Theatre Talk: ‘Clue’ is a fun and entertaining show

Six strangers are welcomed to Boddy Manor by Wadsworth the butler and Yvette the maid in the Temecula Valley Players’ production of “Clue” at the Temecula Community Theater. Valley News/Shawna Sarnowski photo

Elizabeth Youngman-Westphal

Special to Valley News

The Temecula Valley Players have done it again! They’ve brought laughter back to town with a night of family fun. To enjoy this thriller as much as I did, be sure to take your funny bone.

After all, ‘It was a dark and stormy night,’ in Washington D.C., 1954. As lightning flashes and thunder rolls around the foreboding, yet beautiful, Boddy Manor; the curtain lifts as the doorbell rings.

“On this very evening in 1954, six strangers, Colonel Mustard, Mrs. White, Mr. Green, Mrs. Peacock, Professor Plum and Miss Scarlet find themselves invited to a mysterious dinner party at Boddy Manor,” director Carol Damgen writes. With a keen eye for sleuthing, she cleverly withholds evidence until the very, very end to reveal the murderer when it’s stated, “No! It happened like this.”

High School senior Randon Lane Jr. provides music for “Clue” as well as serving as conductor for the production. Valley News/Shawna Sarnowski photo

Stately butler Wadsworth greets each distinguished dinner guest and announces that for this one night only, each will be given a different name while leading them to the lounge to await dinner.

Later, when Wadsworth defines the nuances of the game, in what else but, “Clue,” he then distributes, what else, but the murder weapons. Wait for it. It’s coming.

And then. The air is filled with foreboding mystery-music.

The eerie melody emanates from the 88 as played onstage by 18-year-old musical protégé, conductor Randon Lane Jr. His illustrious presence at the keyboards, outfitted in white tie and tails with candelabra, defines why he has been given a full-ride at Webster University in St. Louis, Missouri.

Even though opening night jitters showed a bit in the opening scene, overall, the cast settled into their roles and as they say in showbiz, they “brought it off.”

Special effects for this show are over the top and the same goes for the set decorations.

Another reason “Clue” is visually stimulating is because Jillian Barr brought her A-game to the costumes. Does it matter that she is only 14 years old? Probably not. She has a keen eye for style. Folks, this play is set in 1954, her grandmother may not have even been alive then! A freshman at Vista Murrieta High School, Barr designed and made, no doubt with her own Singer, an award-winning wardrobe.

In its 39th season, TVP happily participates in the arts program for area high schools by inviting talented students in to share their various talents. Drop in and you will understand why this is a rewarding program for us all.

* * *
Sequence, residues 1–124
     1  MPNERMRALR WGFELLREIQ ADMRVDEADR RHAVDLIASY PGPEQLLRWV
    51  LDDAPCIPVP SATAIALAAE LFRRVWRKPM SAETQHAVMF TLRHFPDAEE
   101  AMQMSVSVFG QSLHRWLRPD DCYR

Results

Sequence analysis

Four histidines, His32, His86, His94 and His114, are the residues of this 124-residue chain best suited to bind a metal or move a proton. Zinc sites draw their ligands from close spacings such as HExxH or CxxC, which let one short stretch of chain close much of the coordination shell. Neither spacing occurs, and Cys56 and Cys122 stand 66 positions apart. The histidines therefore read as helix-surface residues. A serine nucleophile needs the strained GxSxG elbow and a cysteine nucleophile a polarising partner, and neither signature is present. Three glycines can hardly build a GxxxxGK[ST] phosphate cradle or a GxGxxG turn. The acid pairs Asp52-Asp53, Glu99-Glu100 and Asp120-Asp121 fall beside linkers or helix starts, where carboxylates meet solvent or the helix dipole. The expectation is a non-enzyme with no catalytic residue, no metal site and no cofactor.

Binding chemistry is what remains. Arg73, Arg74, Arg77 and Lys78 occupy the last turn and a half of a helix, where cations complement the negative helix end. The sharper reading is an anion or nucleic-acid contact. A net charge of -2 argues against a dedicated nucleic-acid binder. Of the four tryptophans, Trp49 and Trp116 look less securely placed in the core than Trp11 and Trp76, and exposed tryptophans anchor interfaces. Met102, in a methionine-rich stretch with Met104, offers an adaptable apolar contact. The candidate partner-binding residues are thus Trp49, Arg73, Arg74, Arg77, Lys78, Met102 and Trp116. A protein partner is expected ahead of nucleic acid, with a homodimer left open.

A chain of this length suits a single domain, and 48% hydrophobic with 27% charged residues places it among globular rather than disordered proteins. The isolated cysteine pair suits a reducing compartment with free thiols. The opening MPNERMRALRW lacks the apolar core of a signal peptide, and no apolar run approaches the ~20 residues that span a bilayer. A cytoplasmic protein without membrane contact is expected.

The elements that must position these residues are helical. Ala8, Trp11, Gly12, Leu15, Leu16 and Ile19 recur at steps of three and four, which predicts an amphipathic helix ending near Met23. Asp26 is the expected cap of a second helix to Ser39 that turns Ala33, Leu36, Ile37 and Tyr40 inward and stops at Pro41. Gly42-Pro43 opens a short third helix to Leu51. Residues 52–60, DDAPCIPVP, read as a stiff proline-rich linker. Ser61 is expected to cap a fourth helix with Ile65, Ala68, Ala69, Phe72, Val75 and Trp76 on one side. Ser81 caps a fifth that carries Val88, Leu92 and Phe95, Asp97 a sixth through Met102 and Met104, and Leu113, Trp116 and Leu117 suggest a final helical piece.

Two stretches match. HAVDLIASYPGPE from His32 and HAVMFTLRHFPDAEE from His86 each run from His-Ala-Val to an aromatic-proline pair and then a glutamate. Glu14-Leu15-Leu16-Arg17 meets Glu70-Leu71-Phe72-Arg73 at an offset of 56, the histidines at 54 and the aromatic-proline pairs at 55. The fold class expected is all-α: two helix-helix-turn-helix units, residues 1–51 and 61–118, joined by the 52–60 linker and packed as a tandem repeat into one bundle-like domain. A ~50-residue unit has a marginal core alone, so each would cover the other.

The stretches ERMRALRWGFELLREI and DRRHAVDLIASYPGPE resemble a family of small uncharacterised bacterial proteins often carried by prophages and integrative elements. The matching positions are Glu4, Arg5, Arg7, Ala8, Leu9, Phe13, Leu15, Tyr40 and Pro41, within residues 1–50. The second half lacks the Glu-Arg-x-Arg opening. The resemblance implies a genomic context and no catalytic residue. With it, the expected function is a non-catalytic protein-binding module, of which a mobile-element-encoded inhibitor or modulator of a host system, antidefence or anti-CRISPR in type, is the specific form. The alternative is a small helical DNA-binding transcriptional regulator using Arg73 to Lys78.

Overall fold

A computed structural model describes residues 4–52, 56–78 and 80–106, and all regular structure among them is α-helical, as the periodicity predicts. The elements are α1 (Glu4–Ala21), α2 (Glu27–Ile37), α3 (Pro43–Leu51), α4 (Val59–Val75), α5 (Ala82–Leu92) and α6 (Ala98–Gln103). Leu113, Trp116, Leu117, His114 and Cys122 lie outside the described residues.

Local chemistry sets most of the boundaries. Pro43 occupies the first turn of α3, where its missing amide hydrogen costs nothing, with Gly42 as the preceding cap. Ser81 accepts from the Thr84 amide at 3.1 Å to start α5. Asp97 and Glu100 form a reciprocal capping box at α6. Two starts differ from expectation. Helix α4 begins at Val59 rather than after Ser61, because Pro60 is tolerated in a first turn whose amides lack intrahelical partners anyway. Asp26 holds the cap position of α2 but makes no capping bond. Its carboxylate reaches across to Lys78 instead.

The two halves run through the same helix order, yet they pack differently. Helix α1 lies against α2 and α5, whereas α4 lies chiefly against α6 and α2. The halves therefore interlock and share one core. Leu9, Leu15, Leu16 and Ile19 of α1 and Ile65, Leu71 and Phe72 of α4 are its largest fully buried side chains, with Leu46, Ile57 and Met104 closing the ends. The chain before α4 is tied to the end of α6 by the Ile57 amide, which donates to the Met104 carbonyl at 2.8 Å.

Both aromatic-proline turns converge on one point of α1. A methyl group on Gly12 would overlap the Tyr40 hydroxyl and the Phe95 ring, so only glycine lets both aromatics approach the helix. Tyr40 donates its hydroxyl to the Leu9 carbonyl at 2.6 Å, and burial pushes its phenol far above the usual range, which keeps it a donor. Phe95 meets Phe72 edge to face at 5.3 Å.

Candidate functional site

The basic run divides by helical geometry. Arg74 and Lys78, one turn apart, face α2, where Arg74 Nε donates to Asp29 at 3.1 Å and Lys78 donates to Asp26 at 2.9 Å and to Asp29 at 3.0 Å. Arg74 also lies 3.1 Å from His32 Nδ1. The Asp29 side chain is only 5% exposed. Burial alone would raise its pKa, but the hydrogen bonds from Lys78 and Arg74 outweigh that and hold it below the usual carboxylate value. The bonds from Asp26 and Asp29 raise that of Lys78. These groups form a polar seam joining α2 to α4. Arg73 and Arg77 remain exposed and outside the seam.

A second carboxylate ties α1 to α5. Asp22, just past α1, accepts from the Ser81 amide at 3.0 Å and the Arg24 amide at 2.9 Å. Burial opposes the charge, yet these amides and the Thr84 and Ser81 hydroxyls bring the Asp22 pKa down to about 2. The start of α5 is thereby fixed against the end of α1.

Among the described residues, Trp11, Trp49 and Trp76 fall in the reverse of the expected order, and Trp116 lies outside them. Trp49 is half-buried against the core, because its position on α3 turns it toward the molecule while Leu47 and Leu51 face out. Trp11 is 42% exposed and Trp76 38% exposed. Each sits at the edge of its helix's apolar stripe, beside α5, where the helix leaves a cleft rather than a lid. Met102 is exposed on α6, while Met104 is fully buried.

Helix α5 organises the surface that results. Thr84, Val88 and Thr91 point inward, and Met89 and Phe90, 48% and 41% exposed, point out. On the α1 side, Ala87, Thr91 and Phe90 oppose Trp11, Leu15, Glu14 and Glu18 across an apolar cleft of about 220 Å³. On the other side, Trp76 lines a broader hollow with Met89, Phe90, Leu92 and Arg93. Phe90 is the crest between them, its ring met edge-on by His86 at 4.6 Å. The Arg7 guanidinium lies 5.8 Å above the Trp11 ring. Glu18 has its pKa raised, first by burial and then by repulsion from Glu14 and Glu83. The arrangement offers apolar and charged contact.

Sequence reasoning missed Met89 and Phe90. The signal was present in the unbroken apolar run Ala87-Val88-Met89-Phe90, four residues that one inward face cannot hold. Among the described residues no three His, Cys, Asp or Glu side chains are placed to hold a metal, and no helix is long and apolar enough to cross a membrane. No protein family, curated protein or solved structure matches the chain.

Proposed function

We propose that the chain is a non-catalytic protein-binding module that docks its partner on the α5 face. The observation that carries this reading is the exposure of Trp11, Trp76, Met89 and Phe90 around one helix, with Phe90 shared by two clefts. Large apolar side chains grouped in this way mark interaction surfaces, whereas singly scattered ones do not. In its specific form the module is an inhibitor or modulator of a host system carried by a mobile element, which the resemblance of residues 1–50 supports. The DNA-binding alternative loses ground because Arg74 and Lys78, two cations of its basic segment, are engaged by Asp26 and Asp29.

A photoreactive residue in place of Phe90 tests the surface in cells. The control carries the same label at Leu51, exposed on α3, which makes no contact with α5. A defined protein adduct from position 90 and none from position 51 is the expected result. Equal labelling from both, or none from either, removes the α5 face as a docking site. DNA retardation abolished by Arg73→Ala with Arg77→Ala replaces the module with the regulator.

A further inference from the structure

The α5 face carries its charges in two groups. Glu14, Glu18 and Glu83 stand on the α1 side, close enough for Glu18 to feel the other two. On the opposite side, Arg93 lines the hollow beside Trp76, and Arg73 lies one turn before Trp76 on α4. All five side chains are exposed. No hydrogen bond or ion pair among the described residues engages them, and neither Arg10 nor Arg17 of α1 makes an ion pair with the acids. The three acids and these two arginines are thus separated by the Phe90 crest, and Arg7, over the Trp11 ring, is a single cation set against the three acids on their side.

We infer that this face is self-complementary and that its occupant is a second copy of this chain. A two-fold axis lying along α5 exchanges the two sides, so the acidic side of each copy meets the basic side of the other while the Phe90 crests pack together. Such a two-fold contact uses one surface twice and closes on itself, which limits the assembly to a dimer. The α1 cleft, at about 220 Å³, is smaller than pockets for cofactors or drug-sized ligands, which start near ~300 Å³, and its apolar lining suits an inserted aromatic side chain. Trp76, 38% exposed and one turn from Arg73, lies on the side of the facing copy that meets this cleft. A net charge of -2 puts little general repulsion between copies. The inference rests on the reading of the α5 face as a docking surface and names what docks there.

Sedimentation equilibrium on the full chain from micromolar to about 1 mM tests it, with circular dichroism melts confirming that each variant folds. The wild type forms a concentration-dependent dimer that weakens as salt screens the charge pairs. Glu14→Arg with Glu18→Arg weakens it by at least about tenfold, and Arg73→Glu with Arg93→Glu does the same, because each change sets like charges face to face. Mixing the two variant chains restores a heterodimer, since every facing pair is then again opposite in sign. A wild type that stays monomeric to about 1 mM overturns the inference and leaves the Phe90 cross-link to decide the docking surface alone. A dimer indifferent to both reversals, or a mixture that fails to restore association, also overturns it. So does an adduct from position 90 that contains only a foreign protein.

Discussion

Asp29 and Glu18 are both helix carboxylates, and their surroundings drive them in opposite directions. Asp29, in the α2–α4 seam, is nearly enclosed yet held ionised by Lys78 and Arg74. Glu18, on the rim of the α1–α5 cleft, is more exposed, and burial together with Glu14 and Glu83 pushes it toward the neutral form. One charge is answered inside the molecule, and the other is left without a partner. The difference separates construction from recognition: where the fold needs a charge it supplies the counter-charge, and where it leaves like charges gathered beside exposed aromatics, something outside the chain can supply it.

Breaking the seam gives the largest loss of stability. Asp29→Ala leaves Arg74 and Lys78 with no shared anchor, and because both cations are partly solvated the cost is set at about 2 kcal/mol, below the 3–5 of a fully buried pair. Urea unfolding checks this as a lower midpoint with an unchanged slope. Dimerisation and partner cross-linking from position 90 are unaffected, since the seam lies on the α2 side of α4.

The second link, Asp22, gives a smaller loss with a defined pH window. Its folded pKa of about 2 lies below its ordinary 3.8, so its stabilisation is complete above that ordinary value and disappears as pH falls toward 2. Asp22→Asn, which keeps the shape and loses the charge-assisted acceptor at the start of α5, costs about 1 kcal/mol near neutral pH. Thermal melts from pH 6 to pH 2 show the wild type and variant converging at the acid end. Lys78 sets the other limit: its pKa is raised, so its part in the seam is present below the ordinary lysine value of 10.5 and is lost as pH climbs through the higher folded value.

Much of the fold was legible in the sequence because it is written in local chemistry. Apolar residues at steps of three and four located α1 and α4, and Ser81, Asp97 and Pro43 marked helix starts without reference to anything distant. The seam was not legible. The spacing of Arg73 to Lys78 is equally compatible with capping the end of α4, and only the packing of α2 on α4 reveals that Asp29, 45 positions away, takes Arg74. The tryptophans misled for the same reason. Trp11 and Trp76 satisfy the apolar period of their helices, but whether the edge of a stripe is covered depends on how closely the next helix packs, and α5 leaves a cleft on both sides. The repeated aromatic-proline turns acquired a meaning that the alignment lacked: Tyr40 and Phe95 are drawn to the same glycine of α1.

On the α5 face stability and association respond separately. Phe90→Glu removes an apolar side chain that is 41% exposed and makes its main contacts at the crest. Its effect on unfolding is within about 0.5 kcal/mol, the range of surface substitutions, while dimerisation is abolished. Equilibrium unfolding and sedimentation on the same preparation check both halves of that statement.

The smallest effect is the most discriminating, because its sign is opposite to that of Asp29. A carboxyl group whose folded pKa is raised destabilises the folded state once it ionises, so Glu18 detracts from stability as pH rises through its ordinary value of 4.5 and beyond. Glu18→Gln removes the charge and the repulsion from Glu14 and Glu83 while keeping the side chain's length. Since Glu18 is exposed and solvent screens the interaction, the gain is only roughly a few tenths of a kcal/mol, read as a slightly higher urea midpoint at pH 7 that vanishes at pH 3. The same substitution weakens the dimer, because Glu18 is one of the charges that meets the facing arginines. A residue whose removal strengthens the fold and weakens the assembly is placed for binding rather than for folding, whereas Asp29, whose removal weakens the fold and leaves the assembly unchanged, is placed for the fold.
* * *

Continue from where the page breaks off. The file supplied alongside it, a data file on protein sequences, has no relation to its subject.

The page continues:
And now, what you’ve all been waiting for, in order of appearance, the cast: Tyler Lloyd portrays the priggish Wadsworth, Annalise Valenzuela the saucy maid, Yvette, while Katie Bailey is the hip-swinging-MaeWest-mimic known as Miss Scarlet. Patti Drew portrays the eccentric Mrs. Peacock. Kristine Kultzow brings it to the too-much-married-widow Mrs. White. Tim Wheeler returns to the stage as the inimitable Colonel Mustard. Cole A. Harvey emerges as Professor Plum and former Marine J. Kay Weldon aptly inspires his character Mr. Green. Enhancing the silliness in the eight-ensemble roles are Mary Bean, Rossi C. Smith and Nicolas Amador.

Let me take a moment to tell you about the hilarious brilliance of the choreography created by movement coach Peter Varvel. What appears as spontaneity-of-movement by the cast is actually a series of carefully thought-out steps from the imagination of Varvel. His ingenuity lifts the overall production beyond measure as cast members tippy-toe from room to room or spiral about in “No! It happened like this.” Varvel’s step sequence is comically creative with an homage to The Pink Panther’s stealth. His comic sense of movement provides the connectivity between scenes.

While TVP is not an Equity house, the performers must withstand the same scrutiny as union members. Not being the only person in the audience to lay claim to judgment, each seat is filled by a critic. This night the house laughed and guffawed, indicating high praise for the show. That is why I believe the cast will only brighten in the few remaining performances, no doubt hitting its full stride on closing night Feb. 13.

All performances are at the Temecula Community Theater, 42051 Main St. For ease of parking, use the free public parking center next to the police station on 2nd street off just a few blocks east of Front Street coming into Old Town. For tickets, visit or call 866-653-8696.

Visually this whodunnit is a 10+. Enthusiasm value is 10, yet not ready for prime-time on opening night…therefore it is an 8 out of 10.

Also running is “Nunsense” at The Welk Resort, 760-749-3182; “Life Sucks” at The Cygnet in Old Town, 619-337-1525; “Catch Me If You Can” at San Diego Musical Theater, 858-560-5740; “Desert Rock Garden” at New Village Arts in Carlsbad, 760-433-3245; “Heisenberg” by Scripps Ranch Theater at 858-395-0573; and “Trouble in Mind” and “El Borracho” in Balboa Park, 619-234-5623. More shows are opening in March.

Elizabeth Youngman-Westphal can be reached at